match the options provided in Konfig the amount of cut applied for room modes may be in error.
This advanced set-up guide presents further information about the calculation and manipulation of
room mode filters.
The correct methodology for adjusting the room mode optimisation filters is presented in section
5.2.
Guidelines for simplifying non-rectangular room layouts to better fit to the idealised model are
presented in section 5.5.
Additional filters are available in Space Optimisation and Space Optimisation+ which may also prove
useful in some applications. These include bass and treble shelving filters, and user defined custom
filters. Examples are given where these filters could be of benefit in odd shaped rooms
5.1 Room modes
Konfig provides information which will benefit an experienced installer and allow him to more quickly
identify which mode filters will need to be adjusted, and in what way. To make use of this
information it is useful to understand the limitations of the Konfig room mode calculation resulting
from the assumptions made by the algorithms.
Presented in this section are the fundamental assumptions employed by the room mode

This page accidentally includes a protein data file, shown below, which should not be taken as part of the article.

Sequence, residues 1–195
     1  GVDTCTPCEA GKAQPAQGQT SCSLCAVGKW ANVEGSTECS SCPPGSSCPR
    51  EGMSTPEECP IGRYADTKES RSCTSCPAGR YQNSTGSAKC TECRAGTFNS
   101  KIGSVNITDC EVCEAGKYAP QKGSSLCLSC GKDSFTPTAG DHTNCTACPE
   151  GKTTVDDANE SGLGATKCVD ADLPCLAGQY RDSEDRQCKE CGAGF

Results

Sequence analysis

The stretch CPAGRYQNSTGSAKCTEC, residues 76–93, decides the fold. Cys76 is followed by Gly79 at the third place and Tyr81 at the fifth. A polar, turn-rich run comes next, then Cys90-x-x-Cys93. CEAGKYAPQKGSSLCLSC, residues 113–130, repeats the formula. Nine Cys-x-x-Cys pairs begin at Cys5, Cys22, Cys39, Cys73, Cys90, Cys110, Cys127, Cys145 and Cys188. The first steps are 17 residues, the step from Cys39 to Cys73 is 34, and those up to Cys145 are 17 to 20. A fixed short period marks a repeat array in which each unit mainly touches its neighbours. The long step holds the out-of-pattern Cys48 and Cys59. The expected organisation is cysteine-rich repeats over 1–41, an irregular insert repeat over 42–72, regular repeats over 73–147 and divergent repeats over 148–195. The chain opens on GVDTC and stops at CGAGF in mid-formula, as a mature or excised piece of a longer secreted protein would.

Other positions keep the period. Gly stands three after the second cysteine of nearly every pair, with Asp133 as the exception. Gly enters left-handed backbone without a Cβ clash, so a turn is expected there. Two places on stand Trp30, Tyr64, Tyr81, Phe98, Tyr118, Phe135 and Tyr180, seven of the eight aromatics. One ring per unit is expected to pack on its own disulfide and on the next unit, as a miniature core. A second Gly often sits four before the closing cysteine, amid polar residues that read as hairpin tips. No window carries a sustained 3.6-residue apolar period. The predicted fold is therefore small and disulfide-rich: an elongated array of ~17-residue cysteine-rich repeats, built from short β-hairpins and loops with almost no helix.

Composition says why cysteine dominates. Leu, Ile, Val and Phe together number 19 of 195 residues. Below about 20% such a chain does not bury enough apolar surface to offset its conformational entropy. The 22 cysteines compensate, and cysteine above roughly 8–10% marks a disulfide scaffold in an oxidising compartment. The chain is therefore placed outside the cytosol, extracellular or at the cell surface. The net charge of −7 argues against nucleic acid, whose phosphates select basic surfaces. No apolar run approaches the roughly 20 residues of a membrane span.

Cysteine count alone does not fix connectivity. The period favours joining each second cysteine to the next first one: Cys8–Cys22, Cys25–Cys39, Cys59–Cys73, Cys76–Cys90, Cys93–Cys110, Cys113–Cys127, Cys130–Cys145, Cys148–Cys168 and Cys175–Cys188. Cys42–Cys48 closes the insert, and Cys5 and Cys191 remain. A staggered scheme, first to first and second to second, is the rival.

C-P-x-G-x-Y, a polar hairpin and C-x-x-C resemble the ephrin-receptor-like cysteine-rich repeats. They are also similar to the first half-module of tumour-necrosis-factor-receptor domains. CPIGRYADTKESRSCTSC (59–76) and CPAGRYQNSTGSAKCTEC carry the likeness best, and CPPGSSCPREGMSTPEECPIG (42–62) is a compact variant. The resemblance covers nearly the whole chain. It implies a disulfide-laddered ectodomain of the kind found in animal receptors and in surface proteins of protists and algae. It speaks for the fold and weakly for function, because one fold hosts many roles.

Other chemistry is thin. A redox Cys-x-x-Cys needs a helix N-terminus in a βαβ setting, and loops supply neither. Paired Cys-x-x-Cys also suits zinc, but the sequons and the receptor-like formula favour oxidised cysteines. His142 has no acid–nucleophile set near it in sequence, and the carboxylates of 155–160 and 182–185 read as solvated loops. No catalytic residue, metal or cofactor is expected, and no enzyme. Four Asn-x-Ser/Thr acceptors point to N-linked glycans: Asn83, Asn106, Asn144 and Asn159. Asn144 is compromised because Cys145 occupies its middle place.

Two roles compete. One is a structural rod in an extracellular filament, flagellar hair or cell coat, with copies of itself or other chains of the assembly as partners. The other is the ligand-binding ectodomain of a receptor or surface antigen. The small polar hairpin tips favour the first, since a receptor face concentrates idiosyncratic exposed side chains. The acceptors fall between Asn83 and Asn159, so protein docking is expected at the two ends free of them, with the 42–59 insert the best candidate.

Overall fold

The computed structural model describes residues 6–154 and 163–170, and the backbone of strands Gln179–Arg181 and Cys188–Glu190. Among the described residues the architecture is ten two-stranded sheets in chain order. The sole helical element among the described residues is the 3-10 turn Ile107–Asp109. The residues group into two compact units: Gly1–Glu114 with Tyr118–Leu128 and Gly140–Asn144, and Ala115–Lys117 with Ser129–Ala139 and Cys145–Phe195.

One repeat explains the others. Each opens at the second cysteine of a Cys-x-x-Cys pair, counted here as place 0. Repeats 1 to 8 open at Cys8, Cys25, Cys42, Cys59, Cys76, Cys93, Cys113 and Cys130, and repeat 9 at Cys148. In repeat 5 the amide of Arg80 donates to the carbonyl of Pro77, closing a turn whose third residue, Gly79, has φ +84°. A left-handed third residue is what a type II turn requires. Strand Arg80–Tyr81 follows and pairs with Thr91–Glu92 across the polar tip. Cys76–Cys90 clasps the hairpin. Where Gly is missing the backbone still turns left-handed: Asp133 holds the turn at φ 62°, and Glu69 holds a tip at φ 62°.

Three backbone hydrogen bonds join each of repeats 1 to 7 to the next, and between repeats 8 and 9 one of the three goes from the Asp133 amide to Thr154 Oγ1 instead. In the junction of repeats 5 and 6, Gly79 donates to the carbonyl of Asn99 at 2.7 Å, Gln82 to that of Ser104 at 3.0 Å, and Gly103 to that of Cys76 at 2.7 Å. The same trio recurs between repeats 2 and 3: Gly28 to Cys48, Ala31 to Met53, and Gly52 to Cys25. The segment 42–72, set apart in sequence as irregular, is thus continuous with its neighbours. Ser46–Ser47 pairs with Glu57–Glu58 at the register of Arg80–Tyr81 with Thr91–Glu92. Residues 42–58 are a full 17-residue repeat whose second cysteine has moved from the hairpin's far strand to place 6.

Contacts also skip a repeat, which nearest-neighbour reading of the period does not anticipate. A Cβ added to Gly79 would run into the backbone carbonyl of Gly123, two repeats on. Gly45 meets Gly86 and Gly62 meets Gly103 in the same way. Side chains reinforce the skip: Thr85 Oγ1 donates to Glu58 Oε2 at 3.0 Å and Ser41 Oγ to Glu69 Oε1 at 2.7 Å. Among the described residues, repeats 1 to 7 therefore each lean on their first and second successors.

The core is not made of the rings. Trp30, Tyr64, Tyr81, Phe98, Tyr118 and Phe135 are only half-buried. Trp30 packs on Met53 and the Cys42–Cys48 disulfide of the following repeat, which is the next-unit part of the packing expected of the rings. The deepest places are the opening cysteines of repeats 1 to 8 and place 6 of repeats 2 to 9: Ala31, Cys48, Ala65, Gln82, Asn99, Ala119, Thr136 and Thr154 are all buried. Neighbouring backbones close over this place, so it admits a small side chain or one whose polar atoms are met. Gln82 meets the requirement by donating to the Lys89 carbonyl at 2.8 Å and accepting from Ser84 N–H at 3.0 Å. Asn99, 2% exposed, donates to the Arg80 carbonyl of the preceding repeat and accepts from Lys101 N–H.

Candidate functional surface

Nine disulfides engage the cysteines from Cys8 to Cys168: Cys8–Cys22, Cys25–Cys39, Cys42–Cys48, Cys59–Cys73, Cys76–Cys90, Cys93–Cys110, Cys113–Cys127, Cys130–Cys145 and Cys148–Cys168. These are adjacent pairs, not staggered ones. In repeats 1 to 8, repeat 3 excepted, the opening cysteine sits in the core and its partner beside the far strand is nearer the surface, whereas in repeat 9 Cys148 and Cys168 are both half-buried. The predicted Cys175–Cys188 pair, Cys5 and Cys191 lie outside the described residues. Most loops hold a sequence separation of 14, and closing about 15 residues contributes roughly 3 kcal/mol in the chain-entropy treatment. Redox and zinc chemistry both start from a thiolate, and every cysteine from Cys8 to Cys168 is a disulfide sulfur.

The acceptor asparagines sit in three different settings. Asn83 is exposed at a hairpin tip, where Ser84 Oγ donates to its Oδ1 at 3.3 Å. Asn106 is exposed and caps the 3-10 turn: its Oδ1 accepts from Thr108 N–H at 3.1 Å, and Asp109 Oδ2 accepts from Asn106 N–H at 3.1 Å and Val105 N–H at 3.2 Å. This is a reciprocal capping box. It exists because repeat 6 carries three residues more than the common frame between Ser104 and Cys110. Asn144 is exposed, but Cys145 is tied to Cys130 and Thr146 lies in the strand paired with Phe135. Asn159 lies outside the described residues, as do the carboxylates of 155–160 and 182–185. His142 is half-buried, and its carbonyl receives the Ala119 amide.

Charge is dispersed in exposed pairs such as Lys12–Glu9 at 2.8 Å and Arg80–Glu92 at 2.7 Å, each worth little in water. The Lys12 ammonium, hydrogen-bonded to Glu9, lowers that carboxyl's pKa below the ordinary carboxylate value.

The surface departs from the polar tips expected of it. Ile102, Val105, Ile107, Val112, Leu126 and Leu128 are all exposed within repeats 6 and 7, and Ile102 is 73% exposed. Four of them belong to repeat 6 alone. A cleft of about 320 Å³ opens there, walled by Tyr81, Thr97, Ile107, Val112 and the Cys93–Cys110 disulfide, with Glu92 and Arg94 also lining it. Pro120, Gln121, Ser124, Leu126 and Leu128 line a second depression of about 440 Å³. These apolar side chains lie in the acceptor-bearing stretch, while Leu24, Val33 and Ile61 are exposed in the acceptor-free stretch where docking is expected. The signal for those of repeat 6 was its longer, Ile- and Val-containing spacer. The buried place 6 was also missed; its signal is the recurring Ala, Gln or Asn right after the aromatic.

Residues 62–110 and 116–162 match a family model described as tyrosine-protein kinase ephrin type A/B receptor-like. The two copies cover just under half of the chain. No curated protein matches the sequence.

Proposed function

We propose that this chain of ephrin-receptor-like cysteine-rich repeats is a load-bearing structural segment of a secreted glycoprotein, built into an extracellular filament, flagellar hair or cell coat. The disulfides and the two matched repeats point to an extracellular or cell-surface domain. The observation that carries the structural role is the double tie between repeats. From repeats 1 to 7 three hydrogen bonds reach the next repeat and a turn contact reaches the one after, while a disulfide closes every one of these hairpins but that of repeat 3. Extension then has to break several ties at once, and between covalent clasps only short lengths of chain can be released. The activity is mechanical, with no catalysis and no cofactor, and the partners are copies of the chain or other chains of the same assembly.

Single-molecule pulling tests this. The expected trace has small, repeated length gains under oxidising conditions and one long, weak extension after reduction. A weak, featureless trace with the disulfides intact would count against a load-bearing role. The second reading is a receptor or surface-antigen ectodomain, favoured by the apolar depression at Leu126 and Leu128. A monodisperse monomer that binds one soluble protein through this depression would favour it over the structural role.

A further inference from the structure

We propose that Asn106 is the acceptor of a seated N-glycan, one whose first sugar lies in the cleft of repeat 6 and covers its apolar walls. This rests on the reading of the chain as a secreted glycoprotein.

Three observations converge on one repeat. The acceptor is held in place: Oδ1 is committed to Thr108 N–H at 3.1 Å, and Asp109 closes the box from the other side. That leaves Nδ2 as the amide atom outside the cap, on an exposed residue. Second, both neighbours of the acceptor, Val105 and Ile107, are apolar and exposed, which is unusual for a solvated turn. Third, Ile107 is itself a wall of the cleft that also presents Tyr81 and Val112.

optimisation algorithms. Also recommendations for when to adjust the room mode filter centre
frequency and bandwidth are presented.
5.1.1 Basic assumptions used for calculations of room modes
The optimisation algorithm assumes that the room is of essentially rectangular layout. This is often
not the case. For Konfig to provide a meaningful room mode optimisation more complicated room
shapes must be simplified to approximate rectangular dimensions. How the room is simplified will
dictate the adjustment required to the Konfig optimisation.
All reflections at room boundaries are considered to be specular. This implies that the reflective
characteristics are ideal and are the same at all frequencies. Most real surfaces do not provide
specular reflections, instead the magnitude and phase response of any reflected wave is dependent
on the incident angle of the acoustic wave. This has significant implications for any non-axial mode
(a mode which operates between more than two parallel surfaces).
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5.1.2 How room mode filters are displayed and adjusted
Go to the Space Optimisation tab within Konfig. Below the room mode filter graph you will see a
popup list-box showing the room mode optimisation filters. The popup list also allows access to bass
and treble shelves and custom filters.
Selecting an individual optimisation filter allows you to modify its behaviour.
Room modes and their optimisation filters are calculated on a single speaker basis and are listed in
ascending frequency; the lowest frequency room mode will be optimised by ‘ROOM MODE 1’.
Each room mode will be active across one or more dimensions of the room, indicated by the square
bracket notation in the popup list. This information will be of great use to an experienced installer,
further comment is made below.
Some room modes will be unique to a single loudspeaker; some will be common across a pair of